Narnia (2005) is a surprisingly awesome movie upon rewatch but like I can’t get over the fact that these are fucking children. Peter (the oldest) is like what? fifteen?? Why are we putting these children in charge?? Why are these children going to war?? Where are the actual adults??
Damn, watching/reading media from my childhood just really hits different now, doesn’t it?
Caspian : i have urge to do something stupid
Y/n: *mutters* so if i was something stupid , would you do me?
Caspian: uh, i mean...you must want to...do yourself..because you sure are something stupid...
Edmund , in the background: that was as smooth as sandpaper.
Y/n: how is the hottest person in the world doing?
Caspian:*without looking up from the table * i don't know , how are you?
Y/n:* voice cracking * I'm fine.
Susan at 3am : hey babe, you awake?
Caspian: *turns and kisses susan* yes honey?
Y/n at 3am: Edmund you awake?
Edmund: what the fuck do you want?
Y/n: you'd do that for me?
Edmund: I'd do a lot of things to you
Y/n: Y- for ? For me?
Edmund: hm? Oh yeah, that too.
you have invited strangers into your home, helen pevensie, mother of four.
without the blurred sight of joy and relief, it has become impossible to ignore. all the love inside you cannot keep you from seeing the truth. your children are strangers to you. the country has seen them grow taller, your youngest daughter’s hair much longer than you would have it all years past. their hands have more strength in them, their voices ring with an odd lilt and their eyes—it has become hard to look at them straight on, hasn’t it? your children have changed, helen, and as much as you knew they would grow a little in the time away from you, your children have become strangers.
your youngest sings songs you do not know in a language that makes your chest twist in odd ways. you watch her dance in floating steps, bare feet barely touching the dewy grass. when you try and make her wear her sister’s old shoes—growing out of her own faster than you think she ought to—, she looks at you as though you are the child instead of her. her fingers brush leaves with tenderness, and you swear your daughter’s gentle hum makes the drooping plant stand taller than before. you follow her eager leaps to her siblings, her enthusiasm the only thing you still recognise from before the country. yet, she laughs strangely, no longer the giggling girl she used to be but free in a way you have never seen. her smile can drop so fast now, her now-old eyes can turn distant and glassy, and her tears, now rarer, are always silent. it scares you to wonder what robbed her of the heaving sobs a child ought to make use of in the face of upset.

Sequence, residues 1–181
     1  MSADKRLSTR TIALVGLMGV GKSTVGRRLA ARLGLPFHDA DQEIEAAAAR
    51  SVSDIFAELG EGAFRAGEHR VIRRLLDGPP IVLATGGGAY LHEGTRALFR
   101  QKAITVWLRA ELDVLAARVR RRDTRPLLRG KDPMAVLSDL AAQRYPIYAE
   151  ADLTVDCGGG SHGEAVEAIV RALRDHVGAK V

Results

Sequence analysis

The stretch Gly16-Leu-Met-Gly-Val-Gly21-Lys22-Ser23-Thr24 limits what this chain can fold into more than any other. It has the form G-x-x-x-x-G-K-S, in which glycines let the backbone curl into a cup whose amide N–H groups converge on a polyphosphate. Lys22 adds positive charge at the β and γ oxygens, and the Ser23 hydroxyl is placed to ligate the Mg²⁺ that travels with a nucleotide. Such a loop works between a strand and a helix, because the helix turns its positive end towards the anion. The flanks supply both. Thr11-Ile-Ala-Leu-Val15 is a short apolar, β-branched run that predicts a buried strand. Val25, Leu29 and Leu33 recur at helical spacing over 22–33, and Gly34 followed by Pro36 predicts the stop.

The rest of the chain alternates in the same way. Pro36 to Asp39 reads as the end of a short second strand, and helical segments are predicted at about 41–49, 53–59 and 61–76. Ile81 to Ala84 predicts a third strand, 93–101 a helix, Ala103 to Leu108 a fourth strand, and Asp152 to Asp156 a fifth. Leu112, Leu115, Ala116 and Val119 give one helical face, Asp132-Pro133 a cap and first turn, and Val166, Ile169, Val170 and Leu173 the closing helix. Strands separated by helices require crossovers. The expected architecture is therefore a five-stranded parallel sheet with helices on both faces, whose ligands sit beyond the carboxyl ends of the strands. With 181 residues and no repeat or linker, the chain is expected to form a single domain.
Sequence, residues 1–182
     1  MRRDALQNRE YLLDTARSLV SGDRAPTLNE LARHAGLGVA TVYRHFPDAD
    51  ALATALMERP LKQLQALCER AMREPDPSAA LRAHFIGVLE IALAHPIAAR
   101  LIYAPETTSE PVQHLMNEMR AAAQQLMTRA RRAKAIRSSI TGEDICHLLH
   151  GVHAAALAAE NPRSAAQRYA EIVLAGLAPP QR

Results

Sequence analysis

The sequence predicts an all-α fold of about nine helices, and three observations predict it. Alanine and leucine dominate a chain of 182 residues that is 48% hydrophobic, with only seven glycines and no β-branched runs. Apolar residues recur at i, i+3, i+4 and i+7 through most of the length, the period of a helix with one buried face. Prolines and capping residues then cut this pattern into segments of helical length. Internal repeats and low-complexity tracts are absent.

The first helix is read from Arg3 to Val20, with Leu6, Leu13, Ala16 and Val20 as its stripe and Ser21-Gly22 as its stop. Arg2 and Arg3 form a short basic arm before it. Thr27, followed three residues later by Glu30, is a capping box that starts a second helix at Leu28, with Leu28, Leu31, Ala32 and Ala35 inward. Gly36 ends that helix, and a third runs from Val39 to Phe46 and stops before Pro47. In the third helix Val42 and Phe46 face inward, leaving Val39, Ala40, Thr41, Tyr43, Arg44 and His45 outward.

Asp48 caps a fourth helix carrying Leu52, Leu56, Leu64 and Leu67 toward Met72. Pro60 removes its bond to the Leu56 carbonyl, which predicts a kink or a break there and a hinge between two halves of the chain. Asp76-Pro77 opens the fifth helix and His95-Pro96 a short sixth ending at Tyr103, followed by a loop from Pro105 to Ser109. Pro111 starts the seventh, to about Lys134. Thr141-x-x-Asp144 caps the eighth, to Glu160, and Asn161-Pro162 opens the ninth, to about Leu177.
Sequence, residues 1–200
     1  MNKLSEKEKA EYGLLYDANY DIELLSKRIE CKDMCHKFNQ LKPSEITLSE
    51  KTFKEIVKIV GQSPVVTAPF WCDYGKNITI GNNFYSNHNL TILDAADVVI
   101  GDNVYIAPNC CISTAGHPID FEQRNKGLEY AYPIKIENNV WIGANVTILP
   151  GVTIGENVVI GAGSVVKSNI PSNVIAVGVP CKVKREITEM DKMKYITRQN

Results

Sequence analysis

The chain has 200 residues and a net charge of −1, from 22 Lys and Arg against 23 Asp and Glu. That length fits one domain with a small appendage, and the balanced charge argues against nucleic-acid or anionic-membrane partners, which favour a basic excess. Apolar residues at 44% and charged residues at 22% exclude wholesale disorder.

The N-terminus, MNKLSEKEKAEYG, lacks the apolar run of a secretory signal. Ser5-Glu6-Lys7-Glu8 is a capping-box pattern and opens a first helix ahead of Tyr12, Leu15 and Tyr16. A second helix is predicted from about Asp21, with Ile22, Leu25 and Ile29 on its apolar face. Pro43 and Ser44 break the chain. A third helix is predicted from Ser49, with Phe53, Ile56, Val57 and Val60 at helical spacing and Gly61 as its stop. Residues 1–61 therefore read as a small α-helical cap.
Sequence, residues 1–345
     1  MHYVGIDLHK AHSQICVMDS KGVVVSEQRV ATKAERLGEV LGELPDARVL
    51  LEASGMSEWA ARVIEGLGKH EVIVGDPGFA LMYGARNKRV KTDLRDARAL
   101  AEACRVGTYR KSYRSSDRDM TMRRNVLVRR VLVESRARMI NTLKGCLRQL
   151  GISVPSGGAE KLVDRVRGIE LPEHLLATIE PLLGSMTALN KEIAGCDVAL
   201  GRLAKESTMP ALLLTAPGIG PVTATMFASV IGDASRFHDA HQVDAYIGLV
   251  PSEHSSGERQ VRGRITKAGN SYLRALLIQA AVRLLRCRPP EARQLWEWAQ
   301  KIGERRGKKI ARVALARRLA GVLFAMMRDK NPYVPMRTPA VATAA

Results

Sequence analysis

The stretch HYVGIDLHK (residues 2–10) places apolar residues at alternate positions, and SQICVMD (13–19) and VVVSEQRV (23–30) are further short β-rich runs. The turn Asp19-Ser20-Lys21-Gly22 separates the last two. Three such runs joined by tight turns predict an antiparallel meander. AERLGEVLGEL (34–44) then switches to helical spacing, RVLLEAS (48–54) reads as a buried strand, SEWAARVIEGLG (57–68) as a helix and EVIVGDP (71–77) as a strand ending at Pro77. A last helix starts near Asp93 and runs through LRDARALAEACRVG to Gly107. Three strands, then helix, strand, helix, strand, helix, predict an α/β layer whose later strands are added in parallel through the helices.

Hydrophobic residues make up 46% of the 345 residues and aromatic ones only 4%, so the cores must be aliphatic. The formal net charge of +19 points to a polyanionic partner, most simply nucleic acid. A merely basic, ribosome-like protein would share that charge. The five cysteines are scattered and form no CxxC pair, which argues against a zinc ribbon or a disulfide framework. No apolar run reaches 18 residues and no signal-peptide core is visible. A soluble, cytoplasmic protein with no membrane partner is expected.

your other daughter—older than your youngest yet still at an age that she cannot be anything but a child—smiles with all the knowledge in the world sitting in the corner of her mouth. her voice is even, without all traces of the desperate importance her peers carry still, that she used to fill her siblings’ ears with at all hours of the day. she folds her hands in her lap with patience and soothes the ache of war in your mind before you even realise she has started speaking. you watch her curl her hair with careful, steady fingers and a straight back, her words a melody as she tells your eldest which move to make without so much a glance at the board off to her right. she reads still, and what a relief you find this sliver of normalcy, even if she’s started taking notes in a shorthand you couldn’t even think to decipher. even if you feel her slipping away, now more like one of the young, confident women in town than a child desperately wishing for a mother’s approval.